HONG KONG: Covered in smog and cramped apartment towers, Hong Kong is not usually associated with a healthy lifestyle. But new figures show that Hong Kongers are the longest-living people in the world.
Hong Kong men have held the title for more than a decade and recent data show women in the southern Chinese city overtaking their Japanese counterparts for the first time, according to the governments in Tokyo and Hong Kong.
Hong Kong women’s life expectancy rose from an average 86 years in 2010 to 86.7 years in 2011, while Japanese women’s longevity was hit by last year’s earthquake and tsunami, falling to 85.9 years, census figures reveal.
So what is Hong Kong’s secret to a long life?
Experts say there is no single elixir, but contributing factors include easy access to modern health care, keeping busy, traditional Cantonese cuisine and even the centuries-old Chinese tile game of mahjong.
“I love traveling, I like to see new things and I meet my friends for ‘yum cha’ every day,” Mak Yin, an 80-year-old grandmother of six says as she practices the slow-motion martial art of tai chi in a park on a Sunday morning.
“Yum cha” is the Cantonese term to describe the tradition of drinking tea with bite-sized delicacies known as dim sum. The tea is free and served non-stop, delivering a healthy dose of antioxidants with the meal.
“My friends are in their 60s – they think I’m around their age too, although I’m much older than them,” Mak laughs.
Mak’s favorite food is steamed vegetables, rice and fruit. Cantonese food is famous for steamed fish and vegetables – dishes that use little or none of the cooking oils blamed for heart disease, obesity and high cholesterol.
But before Mak enjoys her afternoon tea, she joins a group of elderly people for her morning exercise of tai chi, an ancient Chinese practice said to have benefits including improving balance and boosting cardiovascular strength.
A study published in the New England Journal of Medicine in February found that tai chi reduces falls and “appears to reduce balance impairments” in people with mild-to-moderate Parkinson’s disease.
Another factor behind Hong Kongers’ longevity is work. While others long for the day they can retire and kick up their heels, many people in Hong Kong work well into their 70s and even 80s.
Hong Kong does not have a statutory retirement age and it is common to see elderly people working in shops, markets and restaurants alongside younger staff.
“Many old people in our city remain working, that contributes to better psychological and mental health,” Hong Kong Association of Gerontology president Edward Leung says.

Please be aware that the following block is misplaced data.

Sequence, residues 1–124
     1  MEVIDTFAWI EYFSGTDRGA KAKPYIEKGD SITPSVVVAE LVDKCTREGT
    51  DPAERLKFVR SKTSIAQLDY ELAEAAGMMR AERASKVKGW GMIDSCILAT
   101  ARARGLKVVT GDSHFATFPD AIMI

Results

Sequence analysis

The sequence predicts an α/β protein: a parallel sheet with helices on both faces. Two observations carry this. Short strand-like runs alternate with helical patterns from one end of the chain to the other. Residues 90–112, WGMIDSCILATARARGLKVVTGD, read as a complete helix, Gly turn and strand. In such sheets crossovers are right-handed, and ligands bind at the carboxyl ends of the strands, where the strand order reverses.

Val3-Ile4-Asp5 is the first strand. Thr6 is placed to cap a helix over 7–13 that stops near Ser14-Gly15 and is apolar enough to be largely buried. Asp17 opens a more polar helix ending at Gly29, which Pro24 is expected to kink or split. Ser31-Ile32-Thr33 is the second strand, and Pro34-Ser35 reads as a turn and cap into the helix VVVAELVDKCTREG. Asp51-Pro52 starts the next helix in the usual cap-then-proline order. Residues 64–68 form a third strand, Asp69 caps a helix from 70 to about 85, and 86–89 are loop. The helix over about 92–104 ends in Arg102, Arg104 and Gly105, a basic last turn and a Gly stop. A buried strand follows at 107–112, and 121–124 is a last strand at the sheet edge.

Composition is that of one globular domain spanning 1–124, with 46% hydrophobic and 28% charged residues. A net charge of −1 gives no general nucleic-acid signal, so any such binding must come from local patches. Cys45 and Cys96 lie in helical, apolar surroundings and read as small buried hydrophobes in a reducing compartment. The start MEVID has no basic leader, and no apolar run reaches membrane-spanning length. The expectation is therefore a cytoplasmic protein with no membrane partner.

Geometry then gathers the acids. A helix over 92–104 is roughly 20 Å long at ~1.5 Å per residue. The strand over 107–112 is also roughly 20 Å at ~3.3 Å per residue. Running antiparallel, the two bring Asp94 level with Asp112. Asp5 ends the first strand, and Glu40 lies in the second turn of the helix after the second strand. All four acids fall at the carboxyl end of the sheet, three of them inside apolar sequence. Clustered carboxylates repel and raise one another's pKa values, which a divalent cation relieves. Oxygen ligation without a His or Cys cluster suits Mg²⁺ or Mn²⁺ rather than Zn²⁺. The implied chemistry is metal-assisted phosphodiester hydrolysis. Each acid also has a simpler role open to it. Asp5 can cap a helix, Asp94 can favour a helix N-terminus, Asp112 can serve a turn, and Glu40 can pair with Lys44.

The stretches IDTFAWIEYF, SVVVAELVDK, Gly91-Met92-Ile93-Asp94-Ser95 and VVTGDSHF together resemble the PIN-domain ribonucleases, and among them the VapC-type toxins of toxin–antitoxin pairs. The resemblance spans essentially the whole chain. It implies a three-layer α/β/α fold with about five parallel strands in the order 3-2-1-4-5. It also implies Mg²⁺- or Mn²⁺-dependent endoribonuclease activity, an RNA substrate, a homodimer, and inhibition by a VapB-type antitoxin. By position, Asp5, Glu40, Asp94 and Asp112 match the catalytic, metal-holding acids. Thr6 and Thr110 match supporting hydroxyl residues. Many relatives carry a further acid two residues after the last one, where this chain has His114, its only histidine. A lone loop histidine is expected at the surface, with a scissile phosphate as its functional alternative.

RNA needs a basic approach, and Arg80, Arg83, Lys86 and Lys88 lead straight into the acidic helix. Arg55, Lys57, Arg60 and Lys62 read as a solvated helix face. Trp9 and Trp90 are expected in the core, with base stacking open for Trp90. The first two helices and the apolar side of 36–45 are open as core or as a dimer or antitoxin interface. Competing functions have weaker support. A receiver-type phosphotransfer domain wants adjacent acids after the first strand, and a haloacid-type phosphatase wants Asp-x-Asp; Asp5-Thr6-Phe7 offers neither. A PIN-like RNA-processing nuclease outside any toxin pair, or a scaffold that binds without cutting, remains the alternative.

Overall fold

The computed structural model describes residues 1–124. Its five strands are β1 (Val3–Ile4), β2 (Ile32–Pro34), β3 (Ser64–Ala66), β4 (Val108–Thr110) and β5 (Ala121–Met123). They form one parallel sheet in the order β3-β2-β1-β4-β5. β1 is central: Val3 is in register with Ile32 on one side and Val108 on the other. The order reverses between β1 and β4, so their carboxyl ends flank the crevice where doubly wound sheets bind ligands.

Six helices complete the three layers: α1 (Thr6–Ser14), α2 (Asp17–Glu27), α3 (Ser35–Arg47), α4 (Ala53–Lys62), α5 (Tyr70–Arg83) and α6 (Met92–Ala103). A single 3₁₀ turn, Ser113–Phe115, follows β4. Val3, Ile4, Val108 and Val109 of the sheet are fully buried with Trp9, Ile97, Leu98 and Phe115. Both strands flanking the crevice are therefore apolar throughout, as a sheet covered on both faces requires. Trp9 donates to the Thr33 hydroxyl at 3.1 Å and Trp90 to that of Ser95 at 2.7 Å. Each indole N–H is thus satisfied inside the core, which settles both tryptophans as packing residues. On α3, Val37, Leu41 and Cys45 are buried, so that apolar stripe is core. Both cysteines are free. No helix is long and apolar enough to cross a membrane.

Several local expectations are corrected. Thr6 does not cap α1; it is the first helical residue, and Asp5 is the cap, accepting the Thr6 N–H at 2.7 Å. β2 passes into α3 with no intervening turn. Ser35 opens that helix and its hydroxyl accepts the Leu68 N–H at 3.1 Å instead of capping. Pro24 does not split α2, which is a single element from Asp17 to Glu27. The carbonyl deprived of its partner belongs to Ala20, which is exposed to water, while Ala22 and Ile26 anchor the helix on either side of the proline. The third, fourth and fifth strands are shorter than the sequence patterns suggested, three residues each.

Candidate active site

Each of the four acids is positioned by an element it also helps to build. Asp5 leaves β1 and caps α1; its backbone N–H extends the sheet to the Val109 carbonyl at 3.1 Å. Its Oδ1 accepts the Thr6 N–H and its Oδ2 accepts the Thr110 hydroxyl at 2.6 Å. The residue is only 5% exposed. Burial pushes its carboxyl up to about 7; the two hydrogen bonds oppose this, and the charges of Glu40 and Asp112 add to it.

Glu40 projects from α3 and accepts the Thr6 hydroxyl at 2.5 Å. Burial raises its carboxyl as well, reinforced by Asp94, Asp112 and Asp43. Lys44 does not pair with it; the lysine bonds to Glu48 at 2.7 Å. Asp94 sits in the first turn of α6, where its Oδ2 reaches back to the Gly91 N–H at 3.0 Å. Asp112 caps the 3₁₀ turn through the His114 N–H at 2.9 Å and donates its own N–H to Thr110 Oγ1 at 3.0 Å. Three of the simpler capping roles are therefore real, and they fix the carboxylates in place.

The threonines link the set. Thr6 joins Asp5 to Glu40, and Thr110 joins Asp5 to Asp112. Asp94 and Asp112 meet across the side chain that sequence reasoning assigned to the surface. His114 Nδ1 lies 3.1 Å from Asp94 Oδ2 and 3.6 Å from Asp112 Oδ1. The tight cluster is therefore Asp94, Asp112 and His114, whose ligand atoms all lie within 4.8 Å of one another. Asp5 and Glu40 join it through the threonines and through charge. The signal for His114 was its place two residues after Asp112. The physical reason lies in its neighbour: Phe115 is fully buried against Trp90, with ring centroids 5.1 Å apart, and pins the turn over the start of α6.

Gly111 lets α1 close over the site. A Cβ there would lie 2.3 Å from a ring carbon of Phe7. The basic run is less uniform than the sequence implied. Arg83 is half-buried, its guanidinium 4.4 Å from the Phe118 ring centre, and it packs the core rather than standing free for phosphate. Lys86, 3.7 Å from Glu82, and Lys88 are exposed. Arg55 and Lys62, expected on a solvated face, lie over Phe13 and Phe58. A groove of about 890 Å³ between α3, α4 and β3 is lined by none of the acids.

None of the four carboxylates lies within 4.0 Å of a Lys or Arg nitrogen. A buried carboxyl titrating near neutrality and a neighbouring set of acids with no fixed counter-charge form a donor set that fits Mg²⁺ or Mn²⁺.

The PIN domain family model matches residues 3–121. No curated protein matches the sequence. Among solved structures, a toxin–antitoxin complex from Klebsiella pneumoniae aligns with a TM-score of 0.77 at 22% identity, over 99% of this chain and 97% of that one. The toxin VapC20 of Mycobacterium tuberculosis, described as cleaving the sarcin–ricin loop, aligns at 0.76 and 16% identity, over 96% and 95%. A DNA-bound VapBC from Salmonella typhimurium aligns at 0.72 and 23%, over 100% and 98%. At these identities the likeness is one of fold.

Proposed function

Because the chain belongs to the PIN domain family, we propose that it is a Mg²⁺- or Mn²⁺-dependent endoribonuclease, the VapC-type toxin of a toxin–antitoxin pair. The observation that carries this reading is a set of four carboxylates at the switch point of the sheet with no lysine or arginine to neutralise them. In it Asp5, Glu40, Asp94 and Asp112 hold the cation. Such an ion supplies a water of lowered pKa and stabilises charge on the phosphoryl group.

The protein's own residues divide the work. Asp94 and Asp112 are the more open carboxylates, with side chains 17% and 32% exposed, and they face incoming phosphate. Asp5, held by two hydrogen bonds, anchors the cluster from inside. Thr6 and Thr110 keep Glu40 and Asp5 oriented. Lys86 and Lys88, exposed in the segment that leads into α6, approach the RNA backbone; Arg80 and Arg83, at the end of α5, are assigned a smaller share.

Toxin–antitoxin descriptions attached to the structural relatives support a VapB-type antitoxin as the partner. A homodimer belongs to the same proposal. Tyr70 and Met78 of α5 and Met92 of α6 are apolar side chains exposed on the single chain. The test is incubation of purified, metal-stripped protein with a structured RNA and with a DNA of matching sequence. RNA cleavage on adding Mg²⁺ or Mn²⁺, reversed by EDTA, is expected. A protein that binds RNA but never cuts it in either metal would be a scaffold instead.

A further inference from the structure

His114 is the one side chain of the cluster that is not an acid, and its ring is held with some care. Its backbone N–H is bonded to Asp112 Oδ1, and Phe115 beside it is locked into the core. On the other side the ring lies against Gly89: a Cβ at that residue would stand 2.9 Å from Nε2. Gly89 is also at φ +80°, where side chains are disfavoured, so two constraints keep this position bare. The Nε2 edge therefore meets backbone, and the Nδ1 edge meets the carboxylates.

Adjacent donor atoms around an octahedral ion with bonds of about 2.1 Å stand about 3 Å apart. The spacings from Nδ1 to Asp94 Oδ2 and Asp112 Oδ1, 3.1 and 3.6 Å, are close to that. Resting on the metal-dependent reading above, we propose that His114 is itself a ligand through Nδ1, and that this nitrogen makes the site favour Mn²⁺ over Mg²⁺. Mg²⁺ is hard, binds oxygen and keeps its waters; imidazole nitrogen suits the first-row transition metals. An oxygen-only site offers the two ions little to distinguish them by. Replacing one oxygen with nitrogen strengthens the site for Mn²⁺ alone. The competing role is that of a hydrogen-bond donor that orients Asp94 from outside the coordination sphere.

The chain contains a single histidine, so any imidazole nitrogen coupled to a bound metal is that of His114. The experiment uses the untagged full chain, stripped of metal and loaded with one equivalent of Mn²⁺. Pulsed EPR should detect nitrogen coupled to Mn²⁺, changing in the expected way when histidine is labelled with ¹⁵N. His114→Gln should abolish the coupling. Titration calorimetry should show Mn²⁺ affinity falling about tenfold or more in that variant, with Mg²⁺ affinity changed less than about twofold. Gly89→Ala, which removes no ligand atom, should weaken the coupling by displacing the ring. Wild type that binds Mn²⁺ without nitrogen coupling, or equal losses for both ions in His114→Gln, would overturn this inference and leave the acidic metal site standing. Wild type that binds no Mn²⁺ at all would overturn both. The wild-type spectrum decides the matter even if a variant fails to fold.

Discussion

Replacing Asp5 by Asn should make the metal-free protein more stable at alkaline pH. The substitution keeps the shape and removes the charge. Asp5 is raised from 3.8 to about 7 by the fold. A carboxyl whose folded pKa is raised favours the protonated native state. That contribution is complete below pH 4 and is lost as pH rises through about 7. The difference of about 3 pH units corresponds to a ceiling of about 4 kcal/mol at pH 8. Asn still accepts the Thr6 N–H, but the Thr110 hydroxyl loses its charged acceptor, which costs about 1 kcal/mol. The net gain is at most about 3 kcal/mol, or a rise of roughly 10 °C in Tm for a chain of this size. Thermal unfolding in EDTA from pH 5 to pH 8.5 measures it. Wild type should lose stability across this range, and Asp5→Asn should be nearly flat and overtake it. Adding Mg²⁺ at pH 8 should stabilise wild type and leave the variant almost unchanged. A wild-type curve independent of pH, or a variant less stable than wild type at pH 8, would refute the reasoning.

“For older people, a lot of them are stressed because they have nothing to do and they develop ‘emptiness syndrome.’ This causes mental stress.”
Fishmonger Lee Woo-hing, 67, says he could not bear to sit at home and do nothing. His inspiration is local tycoon Li Ka-shing, Asia’s richest man, who still runs his vast business empire in his 80s.
“If Li Ka-shing continues working at the age of 84, why should I retire?” asks the father-of-four during a break from his 14-hour shift at a bustling market in central Hong Kong.
“If I just sit at home and stare at the walls, I’m worried that my brain will degenerate faster. I’m happy to chat with different people here in the market.”
Hong Kong’s cramped living conditions are famously unhealthy, fueling outbreaks of disease and viruses including bird flu and severe acute respiratory syndrome, which have killed dozens.
The city’s reputation won it the dubious distinction of a starring role in director Steven Soderbergh’s 2011 disaster thriller “Contagion,” about a deadly virus that spreads from Hong Kong to the U.S.
But in the day-to-day habits of ordinary people, experts say Hong Kong is a great place to grow old.
A popular local way of keeping busy and meeting friends is mahjong – a mentally stimulating tile game which can help delay dementia, according to aging expert Alfred Chan, of Hong Kong’s Lingnan University.
“It stimulates the parts that control memory and cognitive abilities. It helps old people with their retention of memory,” he says.
The complex rules and calculation of scores make mahjong mentally demanding. But the social aspects of the four-player game are just as important.
“In mahjong you need to play with three other people. It is a very good social activity, you have to interact with each other constantly,” says Chan, who has studied the game’s effects on the well being of elderly people.
“It is also a self-fulfilling game because if you win – whether you play with money or not – it gives you a sense of empowerment.”
Mahjong parlors are popular in Hong Kong, and mahjong tables are a must at Chinese wedding banquets.
“I’m in semiretirement. I work in the morning and hang out with my friends by playing mahjong in the afternoon,” says 67-year-old tailor Yeung Fook, on the sidelines of a game in his modest garment shop. “I’m happier when I work. It’s boring to just sit at home.”